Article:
The Modern Portrait Poem
From Dante Gabriel Rossetti to Ezra Pound
In The Modern Portrait Poem, Frances Dickey recovers the portrait as a poetic genre from the 1860s through the 1920s. Combining literary and art history, she examines the ways Dante Gabriel Rossetti, Algernon Swinburne, and J. M. Whistler transformed the genre of portraiture in both painting and poetry. She then shows how their new ways of looking at and thinking about the portrait subject migrated across the Atlantic to influence Ezra Pound, T. S. Eliot, William Carlos Williams, Amy Lowell, E. E. Cummings, and other poets. These poets creatively exposed the Victorian portrait to new influences ranging from Manet’s realism to modern dance, Futurism, and American avant-garde art. They also condensed, expanded, and combined the genre with other literary modes including epitaph, pastoral, and Bildungsroman.
Dickey challenges the tendency to view Modernism as a break with the past and as a transition from aural to visual orientation. She argues that the Victorian poets and painters inspired the new generation of Modernists to test their vision of Aestheticism against their perception of modernity and the relationship between image and text. In bridging historical periods, national boundaries, and disciplinary distinctions, Dickey makes a case for the continuity of this genre over the Victorian/Modernist divide and from Britain to the United States in a time of rapid change in the arts.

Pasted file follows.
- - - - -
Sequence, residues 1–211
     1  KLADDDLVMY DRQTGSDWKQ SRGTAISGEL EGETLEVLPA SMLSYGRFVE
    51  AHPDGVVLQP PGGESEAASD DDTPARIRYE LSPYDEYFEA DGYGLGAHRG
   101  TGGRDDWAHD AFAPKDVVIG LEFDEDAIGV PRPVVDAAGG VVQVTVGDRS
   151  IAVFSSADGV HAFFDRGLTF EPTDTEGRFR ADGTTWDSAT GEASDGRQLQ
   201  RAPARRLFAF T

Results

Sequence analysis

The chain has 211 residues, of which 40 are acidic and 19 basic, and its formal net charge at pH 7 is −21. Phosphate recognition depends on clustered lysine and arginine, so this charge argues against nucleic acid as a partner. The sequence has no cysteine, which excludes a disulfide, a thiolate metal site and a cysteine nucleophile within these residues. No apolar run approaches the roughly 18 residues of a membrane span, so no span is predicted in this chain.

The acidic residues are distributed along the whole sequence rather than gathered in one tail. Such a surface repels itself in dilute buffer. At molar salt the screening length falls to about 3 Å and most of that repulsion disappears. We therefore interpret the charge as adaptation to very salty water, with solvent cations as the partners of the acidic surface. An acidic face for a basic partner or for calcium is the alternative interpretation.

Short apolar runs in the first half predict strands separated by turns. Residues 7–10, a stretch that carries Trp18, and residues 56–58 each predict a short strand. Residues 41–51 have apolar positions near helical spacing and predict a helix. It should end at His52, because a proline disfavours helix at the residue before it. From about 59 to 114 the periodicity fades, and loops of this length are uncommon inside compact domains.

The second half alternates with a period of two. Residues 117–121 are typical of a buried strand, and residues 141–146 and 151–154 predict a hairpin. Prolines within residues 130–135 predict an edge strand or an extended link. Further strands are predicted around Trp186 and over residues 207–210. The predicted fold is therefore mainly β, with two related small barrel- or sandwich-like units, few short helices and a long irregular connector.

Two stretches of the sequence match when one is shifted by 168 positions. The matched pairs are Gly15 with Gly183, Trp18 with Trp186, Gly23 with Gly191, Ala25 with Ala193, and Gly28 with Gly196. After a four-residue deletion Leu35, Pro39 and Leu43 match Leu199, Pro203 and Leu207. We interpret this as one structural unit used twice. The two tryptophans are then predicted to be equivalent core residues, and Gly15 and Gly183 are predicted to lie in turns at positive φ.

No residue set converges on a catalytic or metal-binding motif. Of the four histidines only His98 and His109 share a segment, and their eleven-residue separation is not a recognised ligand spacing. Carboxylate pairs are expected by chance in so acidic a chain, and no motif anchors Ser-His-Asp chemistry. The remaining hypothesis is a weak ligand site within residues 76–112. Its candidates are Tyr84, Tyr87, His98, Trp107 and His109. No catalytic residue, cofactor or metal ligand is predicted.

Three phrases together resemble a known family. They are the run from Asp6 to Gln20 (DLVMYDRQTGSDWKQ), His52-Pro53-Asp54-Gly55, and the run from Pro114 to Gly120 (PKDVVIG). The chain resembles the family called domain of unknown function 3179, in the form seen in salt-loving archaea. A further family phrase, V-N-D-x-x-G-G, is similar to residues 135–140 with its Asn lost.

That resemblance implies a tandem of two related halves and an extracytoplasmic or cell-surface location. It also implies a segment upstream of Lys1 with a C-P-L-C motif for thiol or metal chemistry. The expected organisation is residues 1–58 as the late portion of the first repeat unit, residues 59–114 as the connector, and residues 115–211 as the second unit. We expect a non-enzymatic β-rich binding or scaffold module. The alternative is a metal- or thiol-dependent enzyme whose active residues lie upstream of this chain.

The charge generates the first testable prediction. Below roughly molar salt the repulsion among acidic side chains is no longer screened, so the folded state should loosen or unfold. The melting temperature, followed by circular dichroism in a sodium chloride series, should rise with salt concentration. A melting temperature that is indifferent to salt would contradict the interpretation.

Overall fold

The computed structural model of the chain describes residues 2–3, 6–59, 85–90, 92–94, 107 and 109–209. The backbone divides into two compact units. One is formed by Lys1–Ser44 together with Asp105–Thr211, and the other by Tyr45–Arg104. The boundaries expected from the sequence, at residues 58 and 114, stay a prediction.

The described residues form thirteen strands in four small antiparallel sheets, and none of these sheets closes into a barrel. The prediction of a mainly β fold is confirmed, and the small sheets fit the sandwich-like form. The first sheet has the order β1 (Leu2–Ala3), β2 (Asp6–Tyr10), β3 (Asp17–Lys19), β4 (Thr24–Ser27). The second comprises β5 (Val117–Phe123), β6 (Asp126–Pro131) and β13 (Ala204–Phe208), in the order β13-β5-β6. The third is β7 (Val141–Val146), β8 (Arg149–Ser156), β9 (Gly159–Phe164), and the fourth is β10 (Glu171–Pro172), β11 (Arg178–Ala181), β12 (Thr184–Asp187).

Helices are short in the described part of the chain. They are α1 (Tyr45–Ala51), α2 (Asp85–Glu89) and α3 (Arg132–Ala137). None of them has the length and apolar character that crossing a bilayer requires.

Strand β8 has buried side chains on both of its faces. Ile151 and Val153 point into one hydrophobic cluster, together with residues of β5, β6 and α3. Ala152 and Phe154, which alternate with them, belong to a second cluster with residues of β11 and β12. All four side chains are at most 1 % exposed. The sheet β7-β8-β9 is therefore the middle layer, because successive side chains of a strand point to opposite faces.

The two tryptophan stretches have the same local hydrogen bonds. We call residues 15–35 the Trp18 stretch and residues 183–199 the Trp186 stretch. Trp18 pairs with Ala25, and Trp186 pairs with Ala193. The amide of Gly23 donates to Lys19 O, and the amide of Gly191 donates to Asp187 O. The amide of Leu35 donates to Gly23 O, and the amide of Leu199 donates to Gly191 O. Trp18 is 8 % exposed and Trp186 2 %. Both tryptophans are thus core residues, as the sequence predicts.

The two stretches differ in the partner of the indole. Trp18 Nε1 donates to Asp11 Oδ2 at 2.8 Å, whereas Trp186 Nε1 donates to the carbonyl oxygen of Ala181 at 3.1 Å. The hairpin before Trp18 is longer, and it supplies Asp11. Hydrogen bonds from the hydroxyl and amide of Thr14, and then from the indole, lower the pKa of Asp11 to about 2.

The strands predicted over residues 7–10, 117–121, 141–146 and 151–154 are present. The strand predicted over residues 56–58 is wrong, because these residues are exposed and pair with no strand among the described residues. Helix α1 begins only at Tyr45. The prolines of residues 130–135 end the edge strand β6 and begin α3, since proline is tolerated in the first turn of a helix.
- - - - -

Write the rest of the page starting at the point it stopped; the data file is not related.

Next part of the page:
Among the outstanding qualities of this book are its fruitful lines of inquiry, its careful and precise arguments, its deft and meticulous reading of poems and paintings, and its acute attention to historical and literary detail. Dickey’s book makes a lucid, engaging contribution to the study of literary Modernism and the visual arts."
This is a sweeping, smart, and creative study of the interaction between the artistic portrait and the modern ‘portrait’ poem by male artists from late-Victorian to modern. Frances Dickey extends a rich, deeply instilled knowledge of art history and modern poetics to their interface in a stunning trajectory spanning the Pre-Raphaelites, Swinburne, Whistler, Futurist painting, Eliot, Pound, and the later Modernism of William Carlos Williams. She raises provocative questions concerning the relation between interiority and engagement, identity, gender, and the body while elucidating the shifting cultural milieu and changes in aesthetic form. A long overdue, exciting, rich, and informative book."
Frances Dickey is Assistant Professor of English at the University of Missouri.